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Topic: 5V to 24V to switch a solenoid (Read 11819 times) previous topic - next topic


So i am trying to use an arduino micro to switch a 24V solenoid, i am using a LM2557 DC-DC step up converter to boost the output of the arduino. (see link)
everything is fine until i hook up the solenoid, when i hook it up the out put from the arduino drops to 2.5V and the output across the step up converter holds at 4V. this could be because the solenoid draws 3.0 W (.125 amps) which the arduino does not put out. also i'm sure amps are lost as i step up the voltage.
i'm wondering if there is a way to boost the output current of the arduino? or there is there another way of making this work?
or should i try suing a relay or some other collection of components?

help, thanks


im not an expert, but id think youd be better using the arduino to activate a relay, and run the 24v through that from a separate supply. is this for a sprinkler/pump valve? most 5v relays can handle the voltage for a sprinkler valve with issue. on the coil of the relay, you will want a protection diode for when the EM field breaks down.  you can get solid state relays if you want to avoid the constant click/clack of a relay.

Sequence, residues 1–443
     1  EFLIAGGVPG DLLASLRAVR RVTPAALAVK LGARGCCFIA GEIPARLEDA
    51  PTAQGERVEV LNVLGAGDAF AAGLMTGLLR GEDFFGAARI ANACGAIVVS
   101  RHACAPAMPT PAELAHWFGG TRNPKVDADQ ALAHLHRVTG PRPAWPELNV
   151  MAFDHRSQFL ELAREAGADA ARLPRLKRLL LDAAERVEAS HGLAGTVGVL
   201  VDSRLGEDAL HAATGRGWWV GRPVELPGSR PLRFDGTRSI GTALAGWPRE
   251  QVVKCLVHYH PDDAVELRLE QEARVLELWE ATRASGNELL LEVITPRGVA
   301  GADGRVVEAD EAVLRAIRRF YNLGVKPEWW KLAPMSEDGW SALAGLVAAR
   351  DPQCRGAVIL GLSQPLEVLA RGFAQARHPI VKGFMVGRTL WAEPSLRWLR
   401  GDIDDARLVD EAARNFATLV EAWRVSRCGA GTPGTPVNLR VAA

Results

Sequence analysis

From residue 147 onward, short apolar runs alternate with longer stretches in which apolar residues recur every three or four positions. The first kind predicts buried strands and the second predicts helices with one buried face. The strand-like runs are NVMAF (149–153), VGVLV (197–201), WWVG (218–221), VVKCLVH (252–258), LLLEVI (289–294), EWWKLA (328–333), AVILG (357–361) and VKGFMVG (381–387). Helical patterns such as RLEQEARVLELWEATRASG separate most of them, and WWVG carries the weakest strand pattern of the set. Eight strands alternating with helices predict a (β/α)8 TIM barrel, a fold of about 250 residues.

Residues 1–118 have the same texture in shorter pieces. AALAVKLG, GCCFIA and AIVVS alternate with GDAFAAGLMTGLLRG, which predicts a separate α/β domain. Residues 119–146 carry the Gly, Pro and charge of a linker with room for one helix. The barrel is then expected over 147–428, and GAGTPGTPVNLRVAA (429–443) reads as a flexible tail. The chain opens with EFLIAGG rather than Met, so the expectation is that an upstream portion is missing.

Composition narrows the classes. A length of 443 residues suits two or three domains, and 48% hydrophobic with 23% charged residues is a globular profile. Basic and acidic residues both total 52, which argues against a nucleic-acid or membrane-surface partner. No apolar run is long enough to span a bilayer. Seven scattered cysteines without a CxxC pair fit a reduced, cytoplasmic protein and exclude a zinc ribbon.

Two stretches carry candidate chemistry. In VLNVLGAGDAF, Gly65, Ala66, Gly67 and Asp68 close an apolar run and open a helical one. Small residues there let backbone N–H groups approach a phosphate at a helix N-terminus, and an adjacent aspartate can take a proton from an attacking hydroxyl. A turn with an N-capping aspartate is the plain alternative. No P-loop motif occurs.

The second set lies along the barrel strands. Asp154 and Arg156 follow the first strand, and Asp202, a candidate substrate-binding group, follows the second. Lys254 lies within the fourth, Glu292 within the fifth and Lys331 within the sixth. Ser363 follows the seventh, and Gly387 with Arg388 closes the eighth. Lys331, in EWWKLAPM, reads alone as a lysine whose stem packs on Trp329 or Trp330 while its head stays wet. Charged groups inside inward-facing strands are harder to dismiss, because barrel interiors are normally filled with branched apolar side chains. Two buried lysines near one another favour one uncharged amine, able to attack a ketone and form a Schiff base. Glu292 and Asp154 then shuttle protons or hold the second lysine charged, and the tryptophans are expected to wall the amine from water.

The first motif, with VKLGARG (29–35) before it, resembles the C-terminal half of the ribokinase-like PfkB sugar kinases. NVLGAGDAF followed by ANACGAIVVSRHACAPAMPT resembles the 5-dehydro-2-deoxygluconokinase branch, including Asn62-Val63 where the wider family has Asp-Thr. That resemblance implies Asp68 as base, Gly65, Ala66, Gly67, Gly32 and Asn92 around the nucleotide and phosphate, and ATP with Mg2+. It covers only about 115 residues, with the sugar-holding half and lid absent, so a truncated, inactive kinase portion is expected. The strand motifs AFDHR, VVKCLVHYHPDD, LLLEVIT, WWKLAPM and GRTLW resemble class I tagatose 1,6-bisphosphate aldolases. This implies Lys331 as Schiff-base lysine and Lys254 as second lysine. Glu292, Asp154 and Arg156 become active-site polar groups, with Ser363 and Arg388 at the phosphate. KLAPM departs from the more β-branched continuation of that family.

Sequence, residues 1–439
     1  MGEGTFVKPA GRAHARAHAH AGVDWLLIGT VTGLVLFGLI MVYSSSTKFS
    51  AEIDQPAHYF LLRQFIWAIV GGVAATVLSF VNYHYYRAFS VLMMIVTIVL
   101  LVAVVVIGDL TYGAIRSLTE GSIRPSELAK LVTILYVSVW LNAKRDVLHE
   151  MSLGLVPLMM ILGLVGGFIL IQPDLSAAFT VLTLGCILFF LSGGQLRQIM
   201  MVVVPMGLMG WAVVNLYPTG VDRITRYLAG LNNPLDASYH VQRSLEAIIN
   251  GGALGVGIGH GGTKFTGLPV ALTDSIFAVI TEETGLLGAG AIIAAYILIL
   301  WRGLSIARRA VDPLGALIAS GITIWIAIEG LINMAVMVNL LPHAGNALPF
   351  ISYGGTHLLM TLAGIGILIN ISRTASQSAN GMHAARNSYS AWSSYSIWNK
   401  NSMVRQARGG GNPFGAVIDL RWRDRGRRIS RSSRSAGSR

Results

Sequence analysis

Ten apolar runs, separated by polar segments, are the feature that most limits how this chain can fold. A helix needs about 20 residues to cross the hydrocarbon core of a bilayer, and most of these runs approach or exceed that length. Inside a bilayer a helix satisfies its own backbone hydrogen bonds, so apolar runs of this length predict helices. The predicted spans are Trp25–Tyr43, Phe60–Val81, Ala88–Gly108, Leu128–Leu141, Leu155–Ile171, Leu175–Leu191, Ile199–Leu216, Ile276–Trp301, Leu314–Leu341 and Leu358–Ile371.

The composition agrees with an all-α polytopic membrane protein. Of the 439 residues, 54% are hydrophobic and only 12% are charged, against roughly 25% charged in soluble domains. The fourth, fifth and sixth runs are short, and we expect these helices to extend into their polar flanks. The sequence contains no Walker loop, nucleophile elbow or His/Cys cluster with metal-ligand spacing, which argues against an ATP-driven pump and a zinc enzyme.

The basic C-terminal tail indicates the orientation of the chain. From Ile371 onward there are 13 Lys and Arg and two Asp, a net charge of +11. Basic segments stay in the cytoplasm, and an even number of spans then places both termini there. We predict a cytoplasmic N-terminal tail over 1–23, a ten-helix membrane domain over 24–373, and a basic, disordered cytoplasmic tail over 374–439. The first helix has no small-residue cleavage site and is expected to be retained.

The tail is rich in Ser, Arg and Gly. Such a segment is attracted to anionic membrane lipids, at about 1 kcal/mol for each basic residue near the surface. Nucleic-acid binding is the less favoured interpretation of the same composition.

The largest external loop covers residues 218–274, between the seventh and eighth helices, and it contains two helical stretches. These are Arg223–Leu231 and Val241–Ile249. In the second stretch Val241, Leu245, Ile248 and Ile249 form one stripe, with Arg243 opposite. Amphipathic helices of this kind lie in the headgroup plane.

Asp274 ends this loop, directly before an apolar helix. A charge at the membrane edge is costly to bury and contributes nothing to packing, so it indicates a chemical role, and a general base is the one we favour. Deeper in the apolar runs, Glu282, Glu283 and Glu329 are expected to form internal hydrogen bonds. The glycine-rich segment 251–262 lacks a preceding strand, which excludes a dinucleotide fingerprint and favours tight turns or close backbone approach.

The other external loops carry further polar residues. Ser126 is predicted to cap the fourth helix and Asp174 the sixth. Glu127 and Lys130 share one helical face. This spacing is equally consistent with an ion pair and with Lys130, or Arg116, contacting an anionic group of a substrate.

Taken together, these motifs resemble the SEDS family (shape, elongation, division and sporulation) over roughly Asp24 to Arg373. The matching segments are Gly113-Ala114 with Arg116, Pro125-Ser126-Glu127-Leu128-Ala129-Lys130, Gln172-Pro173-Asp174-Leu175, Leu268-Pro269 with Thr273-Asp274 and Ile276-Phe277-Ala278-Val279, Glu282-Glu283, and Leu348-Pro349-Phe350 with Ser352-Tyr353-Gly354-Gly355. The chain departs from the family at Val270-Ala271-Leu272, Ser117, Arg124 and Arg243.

you might need a pullup/darlington type transistor approach depending on the relay and the load you need to switch.  ive built fluid level managers (water level in a decorative pond) that used 24vac sprinkler solenoids in the valves, but not using arduino (yet) so i know an itsy bit.

id really recommend using the arduino to control a relay or optocoupler because you are much less likely to damage your arduino if some part of it goes wrong. dont forget the protection diode!



As pyrotuc mentioned, the idea would be to have the Arduino control the power rather than provide it.  That can be done via a relay (which in turn might be controlled by a smaller transistor) or a MOSFET like in this tutorial page.  Be sure to choose your components such that the MOSFET etc are rated at over 24V in your case.

Cheers ! Geoff
"There is no problem so bad you can't make it worse" - retired astronaut Chris Hadfield


Just to amplify the point with inductive loads. Capacitors like to keep volts constant and inductors like to keep current constant. When you switch off the current going through an inductor the volts will go very high until the FET or bipolar transistor goes short and probably dies. If you connect a diode from the junction of the inductor and the transistor to the supply such that the diode is normally off, when you switch off the junction will be clamped at the voltage of the forward biased diode above the supply.


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Your answer may already be here: https://forum.arduino.cc/index.php?topic=384198.0

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